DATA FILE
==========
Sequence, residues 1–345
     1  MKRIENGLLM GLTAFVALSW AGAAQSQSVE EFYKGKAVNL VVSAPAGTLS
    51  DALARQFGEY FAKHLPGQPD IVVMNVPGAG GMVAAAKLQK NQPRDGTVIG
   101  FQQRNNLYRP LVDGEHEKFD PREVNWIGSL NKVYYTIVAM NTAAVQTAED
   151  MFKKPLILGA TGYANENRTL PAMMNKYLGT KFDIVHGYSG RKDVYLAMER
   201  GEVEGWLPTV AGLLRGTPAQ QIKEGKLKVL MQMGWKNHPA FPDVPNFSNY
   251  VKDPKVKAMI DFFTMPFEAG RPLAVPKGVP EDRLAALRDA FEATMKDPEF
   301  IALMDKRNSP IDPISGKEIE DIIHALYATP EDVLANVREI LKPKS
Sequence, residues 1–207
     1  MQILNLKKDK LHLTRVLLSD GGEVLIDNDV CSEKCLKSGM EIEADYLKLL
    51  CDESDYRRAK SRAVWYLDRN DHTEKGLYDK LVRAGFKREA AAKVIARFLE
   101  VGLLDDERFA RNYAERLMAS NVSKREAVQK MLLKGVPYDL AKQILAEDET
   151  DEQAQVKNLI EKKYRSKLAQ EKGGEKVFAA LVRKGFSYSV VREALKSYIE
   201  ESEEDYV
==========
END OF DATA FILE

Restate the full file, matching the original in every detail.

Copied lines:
Sequence, residues 1–345
     1  MKRIENGLLM GLTAFVALSW AGAAQSQSVE EFYKGKAVNL VVSAPAGTLS
    51  DALARQFGEY FAKHLPGQPD IVVMNVPGAG GMVAAAKLQK NQPRDGTVIG
   101  FQQRNNLYRP LVDGEHEKFD PREVNWIGSL NKVYYTIVAM NTAAVQTAED
   151  MFKKPLILGA TGYANENRTL PAMMNKYLGT KFDIVHGYSG RKDVYLAMER
   201  GEVEGWLPTV AGLLRGTPAQ QIKEGKLKVL MQMGWKNHPA FPDVPNFSNY
   251  VKDPKVKAMI DFFTMPFEAG RPLAVPKGVP EDRLAALRDA FEATMKDPEF
   301  IALMDKRNSP IDPISGKEIE DIIHALYATP EDVLANVREI LKPKS
Sequence, residues 1–207
     1  MQILNLKKDK LHLTRVLLSD GGEVLIDNDV CSEKCLKSGM EIEADYLKLL
    51  CDESDYRRAK SRAVWYLDRN DHTEKGLYDK LVRAGFKREA AAKVIARFLE
   101  VGLLDDERFA RNYAERLMAS NVSKREAVQK MLLKGVPYDL AKQILAEDET
   151  DEQAQVKNLI EKKYRSKLAQ EKGGEKVFAA LVRKGFSYSV VREALKSYIE
   201  ESEEDYV